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Employee disengagement: what is it and how can I stop it?

Employee disengagement can become a catastrophic problem for your company, especially if you fail to nip it in the bud when you notice the warning signs. Fortunately, most managers know it when they see it; employee disengagement is marked by unhappy, disinterested, lethargic employees.

What’s the problem?

It isn’t just evident in the workplace environment—you’ll also see it in your numbers. Employee disengagement is a leading cause of slumping productivity to the point that in 2018, as James O’Brien, PhD describes in OPENForum, its cost is estimated between $400 and $600 billion at a rate of $2,246.

Employee disengagement is quite common. According to Gallup, only 33% of US employees feel engaged at work. Most are somewhere in between with 51% feeling relatively neutral—neither substantially disengaged nor engaged. The numbers aren’t great—almost a quarter of all employees leave feeling work drained every day. 56% of employees don’t believe they have a career advancement path ahead of them. 60% believe their job is taking a significant toll on their personal life.

The costs of employee disengagement go beyond lost profits and lost productivity. It can act as a contagion in your workplace, infecting other employees with low morale. Additionally, Freddie Rohner of iHire LLC writes that employee disengagement leads to more workplace accidents, higher defect rates, and retention issues.

How to fix it

The causes of employee disengagement are numerous and highly varied. Some employees don’t get feedback, while some cite general unhappiness. A lack of personal growth is a cause for concern, as is a perceived lack of career growth. Work-life balance is a big issue for many employees, while others are beleaguered by poor relationships with managers and colleagues. One particularly tough problem that can occur is a disidentification between company values and personal values—if employees can no longer identify with your company’s mission statement, then disengagement issues are sure to follow.

Because there are so many different possible causes and combinations of causes for employee disengagement, it’s essential to diagnose the specific causes of your problem. This begins with communication—oftentimes, disengagement occurs because management is not listening to the concerns, experiences, and problems from general employees. Face-to-face meetings, roundtable sessions, and anonymous surveys (so that people can be honest) are all ways to start a dialogue with your employees. After understanding the nature of your problem, you’ll also need to tailor your solution. If employees are dealing with work-life balance issues, an extra day off or a health seminar can go a long way. If they feel underappreciated or unheard, you should foster better communication and start a recognition program. This could be a “Wall of Fame,” a formal announcement in an office meeting or a newsletter, handwritten personalized thank you notes, or more casual dress days. However, as we’ve noted, sometimes these gestures can actually hurt employee morale more than help it because they come off as disingenuous or as consolation prizes. 2018 recruitment trends focus on holistic perks. These token gestures should be supplemented by meaningful rewards like pay raises and paid days off.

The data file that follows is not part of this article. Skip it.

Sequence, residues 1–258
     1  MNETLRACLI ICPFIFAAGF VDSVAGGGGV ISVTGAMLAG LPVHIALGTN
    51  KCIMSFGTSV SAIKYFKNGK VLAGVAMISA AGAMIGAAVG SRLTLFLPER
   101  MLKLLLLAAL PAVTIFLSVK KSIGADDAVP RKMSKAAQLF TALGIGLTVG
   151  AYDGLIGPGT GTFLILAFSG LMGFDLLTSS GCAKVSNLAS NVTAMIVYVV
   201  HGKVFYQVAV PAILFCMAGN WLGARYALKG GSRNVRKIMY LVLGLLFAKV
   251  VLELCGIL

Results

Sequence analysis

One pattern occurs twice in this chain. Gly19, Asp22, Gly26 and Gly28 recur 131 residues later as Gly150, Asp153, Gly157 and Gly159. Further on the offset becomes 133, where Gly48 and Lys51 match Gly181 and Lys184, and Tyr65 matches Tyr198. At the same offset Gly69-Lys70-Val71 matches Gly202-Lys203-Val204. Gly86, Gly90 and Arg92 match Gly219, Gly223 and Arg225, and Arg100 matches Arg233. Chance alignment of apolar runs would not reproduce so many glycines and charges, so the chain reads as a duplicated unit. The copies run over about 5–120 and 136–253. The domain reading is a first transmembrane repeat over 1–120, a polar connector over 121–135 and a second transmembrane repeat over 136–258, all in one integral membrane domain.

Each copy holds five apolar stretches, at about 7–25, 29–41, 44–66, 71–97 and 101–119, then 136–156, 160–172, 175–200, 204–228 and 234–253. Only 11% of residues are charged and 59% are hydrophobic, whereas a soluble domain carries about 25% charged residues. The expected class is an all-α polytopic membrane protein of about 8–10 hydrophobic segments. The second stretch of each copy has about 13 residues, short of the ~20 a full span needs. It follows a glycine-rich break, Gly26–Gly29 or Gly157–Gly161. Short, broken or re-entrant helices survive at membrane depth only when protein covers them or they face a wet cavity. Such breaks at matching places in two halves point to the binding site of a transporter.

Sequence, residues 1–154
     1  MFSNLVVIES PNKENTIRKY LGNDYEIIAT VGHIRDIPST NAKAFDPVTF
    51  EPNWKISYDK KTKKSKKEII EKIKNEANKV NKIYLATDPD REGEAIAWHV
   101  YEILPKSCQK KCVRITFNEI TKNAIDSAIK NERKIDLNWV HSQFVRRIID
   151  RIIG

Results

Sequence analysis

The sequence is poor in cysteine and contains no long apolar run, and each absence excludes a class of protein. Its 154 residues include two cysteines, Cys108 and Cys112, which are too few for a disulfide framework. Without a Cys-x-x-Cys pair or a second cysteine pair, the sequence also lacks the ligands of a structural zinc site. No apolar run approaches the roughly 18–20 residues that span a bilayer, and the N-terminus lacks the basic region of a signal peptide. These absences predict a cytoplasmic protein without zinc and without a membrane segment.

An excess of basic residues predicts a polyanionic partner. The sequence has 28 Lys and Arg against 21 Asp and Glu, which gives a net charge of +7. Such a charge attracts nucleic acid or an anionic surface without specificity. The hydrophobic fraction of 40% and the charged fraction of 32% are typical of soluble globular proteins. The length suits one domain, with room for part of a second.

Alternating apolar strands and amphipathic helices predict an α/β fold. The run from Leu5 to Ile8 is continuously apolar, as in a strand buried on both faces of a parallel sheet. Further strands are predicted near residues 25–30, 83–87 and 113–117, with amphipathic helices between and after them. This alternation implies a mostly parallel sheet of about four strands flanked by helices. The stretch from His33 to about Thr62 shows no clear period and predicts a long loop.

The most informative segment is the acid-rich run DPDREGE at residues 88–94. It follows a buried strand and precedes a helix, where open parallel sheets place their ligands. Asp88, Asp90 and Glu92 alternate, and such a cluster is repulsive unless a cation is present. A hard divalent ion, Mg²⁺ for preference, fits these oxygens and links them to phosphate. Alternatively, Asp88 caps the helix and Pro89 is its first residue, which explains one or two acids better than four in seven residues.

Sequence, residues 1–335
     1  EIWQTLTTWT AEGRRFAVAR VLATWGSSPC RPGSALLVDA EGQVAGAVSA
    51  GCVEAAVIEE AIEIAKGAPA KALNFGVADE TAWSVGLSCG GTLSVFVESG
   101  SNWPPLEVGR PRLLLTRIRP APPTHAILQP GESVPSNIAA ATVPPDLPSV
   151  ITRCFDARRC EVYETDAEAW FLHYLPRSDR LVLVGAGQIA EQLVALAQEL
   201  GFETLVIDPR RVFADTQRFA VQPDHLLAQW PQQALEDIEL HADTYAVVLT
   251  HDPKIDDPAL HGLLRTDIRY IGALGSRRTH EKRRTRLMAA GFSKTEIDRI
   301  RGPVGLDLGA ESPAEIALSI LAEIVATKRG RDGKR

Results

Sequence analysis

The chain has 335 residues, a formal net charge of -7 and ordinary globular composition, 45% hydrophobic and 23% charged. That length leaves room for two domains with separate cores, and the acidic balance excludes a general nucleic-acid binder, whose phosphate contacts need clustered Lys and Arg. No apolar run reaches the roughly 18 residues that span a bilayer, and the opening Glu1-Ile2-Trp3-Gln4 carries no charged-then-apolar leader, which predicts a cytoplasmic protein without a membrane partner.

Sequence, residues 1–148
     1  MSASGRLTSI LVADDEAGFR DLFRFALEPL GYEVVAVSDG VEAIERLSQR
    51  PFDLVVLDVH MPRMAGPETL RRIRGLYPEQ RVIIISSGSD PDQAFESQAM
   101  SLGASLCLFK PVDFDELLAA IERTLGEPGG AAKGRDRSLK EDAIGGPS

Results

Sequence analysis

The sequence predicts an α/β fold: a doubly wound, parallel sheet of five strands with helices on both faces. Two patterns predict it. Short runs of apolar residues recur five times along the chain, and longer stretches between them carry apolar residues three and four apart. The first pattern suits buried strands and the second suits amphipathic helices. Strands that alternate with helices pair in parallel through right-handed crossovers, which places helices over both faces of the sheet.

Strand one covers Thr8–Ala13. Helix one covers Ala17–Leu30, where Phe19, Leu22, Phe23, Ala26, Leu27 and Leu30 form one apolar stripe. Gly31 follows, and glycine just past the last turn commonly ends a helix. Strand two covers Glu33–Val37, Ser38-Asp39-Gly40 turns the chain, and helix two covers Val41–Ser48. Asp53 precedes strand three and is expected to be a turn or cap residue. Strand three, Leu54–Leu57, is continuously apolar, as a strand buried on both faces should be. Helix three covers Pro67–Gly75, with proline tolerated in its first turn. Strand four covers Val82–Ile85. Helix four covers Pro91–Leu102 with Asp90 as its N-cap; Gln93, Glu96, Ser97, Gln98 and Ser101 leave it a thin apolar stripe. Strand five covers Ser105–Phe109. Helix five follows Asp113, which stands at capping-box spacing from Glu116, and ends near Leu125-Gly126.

Employee disengagement is tough to solve because although the symptoms are largely the same, the causes vary greatly depending on your business. By opening up avenues of communication, you can figure out exactly where your problems are coming from, you’ll be much better equipped to solve them. Employee disengagement is not a problem with a one-size-fits-all solution—for success in the long run, you have to be creative, have a multifaceted approach that incorporates better communication, and offer rewards.

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